According to DEKRA’s experience, it is very important that the organizations include along business indicators, cybersecurity elements.

 

This can only happen if there are taking into account three main facts:

 

·      Knowledge of the market and of the competitors.

·      Knowledge of the stakeholders

·      Integral risk analysis of the company.

Currently, industrial cybersecurity indicators are not integrated yet in the business, due to the general immaturity of the sector. DEKRA urges the organizations to include this type of indicators for the impact they may have in business performance: “what cannot be measured cannot be improved”.

 

A differentiating factor of all the Industrial Cybersecurity Center events is the practical approach to the topics covered, as well as the experience and information exchange. In this specific event, Jose Luis Vega, the Security and Infrastructure Responsible of the Food company CAPSA FOOD presented how his company applied the tool to measure its Industrial Cybersecurity level.

 

CAPSA FOOD is a well known Spanish company, with presence in the Stock Market, currently in an international growth process. Its production and manufacturing process is deeply tied to the quality process, having about 50,000 sensors in its industrial plants. In addition, the Company has to follow very strict quality measures derived from the strong regulation of the sector.

 

The company got some immediate benefits after applying twenty seven objectives, such as:

·      To immediately identify improvement areas.

·      The relevance of developing a cybersecurity culture to present in an efficient way the results to the Board and to the Top management.

·      To identify and to value the most critical assets for the business.

·      To design more effective investment plans.

·      To standardize the industrial processes.

All these measures help with no doubt, to generate a higher value for the stake holders.

 

The traditional Closing Roundtable of all the events of “The Industry Voice” had in this occasion an industrial representation of four highly meaningful sectors, such as:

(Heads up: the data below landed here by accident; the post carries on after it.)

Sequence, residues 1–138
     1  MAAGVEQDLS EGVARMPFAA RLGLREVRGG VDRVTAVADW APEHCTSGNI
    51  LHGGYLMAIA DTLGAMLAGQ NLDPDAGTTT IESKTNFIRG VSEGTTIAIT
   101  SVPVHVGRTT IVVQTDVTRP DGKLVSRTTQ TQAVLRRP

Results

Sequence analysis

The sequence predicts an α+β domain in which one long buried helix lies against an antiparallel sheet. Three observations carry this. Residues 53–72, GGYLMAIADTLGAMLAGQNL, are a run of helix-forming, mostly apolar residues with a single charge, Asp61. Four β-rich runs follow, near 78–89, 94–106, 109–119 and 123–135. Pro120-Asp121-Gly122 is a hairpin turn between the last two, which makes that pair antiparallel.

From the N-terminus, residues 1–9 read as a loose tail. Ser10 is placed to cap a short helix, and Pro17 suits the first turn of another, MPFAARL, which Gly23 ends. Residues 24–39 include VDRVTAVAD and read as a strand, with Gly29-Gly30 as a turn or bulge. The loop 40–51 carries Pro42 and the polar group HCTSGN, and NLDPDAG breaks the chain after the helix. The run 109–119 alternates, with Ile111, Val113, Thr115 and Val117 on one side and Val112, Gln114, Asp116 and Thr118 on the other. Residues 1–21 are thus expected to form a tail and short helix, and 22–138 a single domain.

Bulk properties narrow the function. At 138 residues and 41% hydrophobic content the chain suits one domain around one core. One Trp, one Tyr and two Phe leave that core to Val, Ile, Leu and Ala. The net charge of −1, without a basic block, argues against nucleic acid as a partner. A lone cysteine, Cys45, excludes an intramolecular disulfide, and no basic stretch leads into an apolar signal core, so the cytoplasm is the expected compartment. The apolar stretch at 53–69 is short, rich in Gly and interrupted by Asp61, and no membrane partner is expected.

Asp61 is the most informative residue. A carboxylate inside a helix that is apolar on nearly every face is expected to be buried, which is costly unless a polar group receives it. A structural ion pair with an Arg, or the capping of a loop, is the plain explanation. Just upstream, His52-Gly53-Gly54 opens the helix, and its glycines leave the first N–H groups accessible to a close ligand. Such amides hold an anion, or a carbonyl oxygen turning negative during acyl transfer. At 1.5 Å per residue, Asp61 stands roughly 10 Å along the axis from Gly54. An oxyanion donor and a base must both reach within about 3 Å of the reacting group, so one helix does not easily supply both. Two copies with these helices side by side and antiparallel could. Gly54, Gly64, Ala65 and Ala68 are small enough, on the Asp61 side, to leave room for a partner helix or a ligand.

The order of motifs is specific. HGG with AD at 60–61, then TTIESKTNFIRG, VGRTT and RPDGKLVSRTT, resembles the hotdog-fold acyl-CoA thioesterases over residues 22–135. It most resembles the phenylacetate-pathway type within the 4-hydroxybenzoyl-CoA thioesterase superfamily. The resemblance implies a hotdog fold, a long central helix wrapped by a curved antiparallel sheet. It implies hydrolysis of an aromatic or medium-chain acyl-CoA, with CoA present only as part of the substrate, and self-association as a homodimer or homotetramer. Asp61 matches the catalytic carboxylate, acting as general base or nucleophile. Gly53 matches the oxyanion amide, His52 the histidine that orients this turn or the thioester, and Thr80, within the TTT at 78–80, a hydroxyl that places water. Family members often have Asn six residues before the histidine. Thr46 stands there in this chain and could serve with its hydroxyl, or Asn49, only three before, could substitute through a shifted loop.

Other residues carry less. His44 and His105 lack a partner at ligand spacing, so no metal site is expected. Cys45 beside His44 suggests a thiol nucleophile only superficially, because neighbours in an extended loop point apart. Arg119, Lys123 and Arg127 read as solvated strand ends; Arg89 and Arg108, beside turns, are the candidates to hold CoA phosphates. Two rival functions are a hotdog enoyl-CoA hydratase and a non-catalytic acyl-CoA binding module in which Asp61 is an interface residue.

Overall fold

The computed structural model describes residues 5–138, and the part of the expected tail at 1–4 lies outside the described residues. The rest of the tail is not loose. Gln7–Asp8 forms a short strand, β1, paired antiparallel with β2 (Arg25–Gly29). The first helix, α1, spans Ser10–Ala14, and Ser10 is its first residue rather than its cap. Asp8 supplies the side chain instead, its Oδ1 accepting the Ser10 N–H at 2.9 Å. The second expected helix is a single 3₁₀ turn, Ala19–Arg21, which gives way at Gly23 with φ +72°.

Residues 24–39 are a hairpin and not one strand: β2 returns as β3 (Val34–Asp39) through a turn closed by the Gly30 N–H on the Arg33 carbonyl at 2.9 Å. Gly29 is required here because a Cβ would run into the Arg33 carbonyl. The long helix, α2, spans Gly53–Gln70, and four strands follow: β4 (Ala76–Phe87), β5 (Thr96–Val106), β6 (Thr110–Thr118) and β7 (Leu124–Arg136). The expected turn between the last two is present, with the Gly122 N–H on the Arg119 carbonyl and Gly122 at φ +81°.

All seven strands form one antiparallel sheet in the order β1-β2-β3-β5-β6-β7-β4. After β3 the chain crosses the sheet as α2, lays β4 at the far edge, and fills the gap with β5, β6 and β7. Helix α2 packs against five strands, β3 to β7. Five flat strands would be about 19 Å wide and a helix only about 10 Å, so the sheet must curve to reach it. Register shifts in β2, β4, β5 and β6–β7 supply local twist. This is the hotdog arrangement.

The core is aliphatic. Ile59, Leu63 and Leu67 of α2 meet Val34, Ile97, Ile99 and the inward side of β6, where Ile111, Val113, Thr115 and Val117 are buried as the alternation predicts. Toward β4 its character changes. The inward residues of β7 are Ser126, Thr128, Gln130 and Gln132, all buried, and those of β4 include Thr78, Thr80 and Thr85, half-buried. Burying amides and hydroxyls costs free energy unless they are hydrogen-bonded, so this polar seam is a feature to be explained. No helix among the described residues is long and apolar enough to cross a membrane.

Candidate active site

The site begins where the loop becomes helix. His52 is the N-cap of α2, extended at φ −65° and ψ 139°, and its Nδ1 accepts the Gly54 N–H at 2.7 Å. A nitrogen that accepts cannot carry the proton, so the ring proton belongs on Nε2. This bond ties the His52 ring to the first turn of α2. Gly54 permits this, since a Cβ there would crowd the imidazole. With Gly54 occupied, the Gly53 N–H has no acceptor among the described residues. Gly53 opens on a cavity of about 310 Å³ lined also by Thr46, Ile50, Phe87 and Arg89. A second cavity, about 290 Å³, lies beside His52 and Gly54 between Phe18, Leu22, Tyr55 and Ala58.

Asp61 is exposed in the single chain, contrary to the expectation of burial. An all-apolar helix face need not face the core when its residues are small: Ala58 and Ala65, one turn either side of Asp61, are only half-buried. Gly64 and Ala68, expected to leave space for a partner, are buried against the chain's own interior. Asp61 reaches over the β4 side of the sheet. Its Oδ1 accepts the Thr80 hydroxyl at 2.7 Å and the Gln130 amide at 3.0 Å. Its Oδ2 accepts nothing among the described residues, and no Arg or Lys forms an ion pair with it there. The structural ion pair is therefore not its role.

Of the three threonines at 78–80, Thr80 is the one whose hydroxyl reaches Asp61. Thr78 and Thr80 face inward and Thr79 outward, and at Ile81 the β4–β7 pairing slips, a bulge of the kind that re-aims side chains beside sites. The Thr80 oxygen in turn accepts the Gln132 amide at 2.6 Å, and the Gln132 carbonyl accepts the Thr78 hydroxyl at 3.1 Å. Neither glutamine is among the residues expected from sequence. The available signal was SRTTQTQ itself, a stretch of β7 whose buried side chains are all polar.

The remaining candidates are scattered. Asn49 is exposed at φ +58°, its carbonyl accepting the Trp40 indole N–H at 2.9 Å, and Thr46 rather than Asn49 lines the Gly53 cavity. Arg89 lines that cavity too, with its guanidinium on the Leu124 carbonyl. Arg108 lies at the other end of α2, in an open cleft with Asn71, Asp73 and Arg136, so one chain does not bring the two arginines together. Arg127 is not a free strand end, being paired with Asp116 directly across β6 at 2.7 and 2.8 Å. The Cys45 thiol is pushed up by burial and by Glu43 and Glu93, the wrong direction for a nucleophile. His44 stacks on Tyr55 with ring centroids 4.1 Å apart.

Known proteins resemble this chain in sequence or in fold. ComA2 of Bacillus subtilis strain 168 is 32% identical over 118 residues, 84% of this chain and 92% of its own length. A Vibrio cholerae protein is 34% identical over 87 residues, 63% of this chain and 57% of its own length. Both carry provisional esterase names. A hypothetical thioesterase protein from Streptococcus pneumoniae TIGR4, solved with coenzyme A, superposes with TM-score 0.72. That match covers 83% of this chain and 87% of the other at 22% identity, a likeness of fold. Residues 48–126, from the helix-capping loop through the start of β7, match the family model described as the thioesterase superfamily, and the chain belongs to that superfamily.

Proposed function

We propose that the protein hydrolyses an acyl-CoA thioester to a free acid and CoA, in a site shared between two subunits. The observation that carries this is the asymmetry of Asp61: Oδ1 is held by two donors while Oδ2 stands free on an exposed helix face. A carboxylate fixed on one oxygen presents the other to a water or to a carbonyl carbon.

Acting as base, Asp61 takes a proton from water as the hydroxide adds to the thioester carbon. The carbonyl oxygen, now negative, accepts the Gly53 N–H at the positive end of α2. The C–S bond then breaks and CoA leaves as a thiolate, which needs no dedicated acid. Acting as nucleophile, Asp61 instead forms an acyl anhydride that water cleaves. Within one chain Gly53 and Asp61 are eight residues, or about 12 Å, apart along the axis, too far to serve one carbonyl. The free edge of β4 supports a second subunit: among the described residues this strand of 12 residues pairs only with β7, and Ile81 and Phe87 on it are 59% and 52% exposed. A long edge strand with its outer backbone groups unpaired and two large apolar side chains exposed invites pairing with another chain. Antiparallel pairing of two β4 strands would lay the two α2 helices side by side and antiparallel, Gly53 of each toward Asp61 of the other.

·      Energy, represented by Gas Natural

·      Food, represented by CAPSA

·      Engineering, represented by Técnicas Reunidas

·      Telco’s, represented by Telefonica

The Roundtable Chairman, Miguel Garcia-Menendez, after a brief introduction, asked the following questions:

·      Are the organizations proactives or reactives in relation to Industrial Cybersecurity?

·      What are the risks that reactive organizations must consider?

·      What is needed for an organization be proactive in relation to Industrial Cybersecurity?

·      How the legal framework and regulation can help in the proactivity of the organizations in relation to this field?

·      Which other actions may encourage cyber activity?

Although it is very difficult to summarize all the answers, we may point out some conclusions:

 

·      In the Cyberspace all the countries are neighbors

·      The Top Management awareness on cybersecurity issues is an essential element to minimize risks. When there is sensitivity on the topic at Board level, there is always budget assigned to approach this type of activities.

·      It is very important that vendors, EPCs and industrial suppliers are aware of the risks to build their solutions with the appropriate security measures.

·      The regulation and legal framework is an important compelling event for taking cybersecurity measures, although there is the risk that such measures are designed just to fill the regulatory gap.

In summary, Cybersecurity has evolved from being “an expert” topic to be a differentiating competitive value.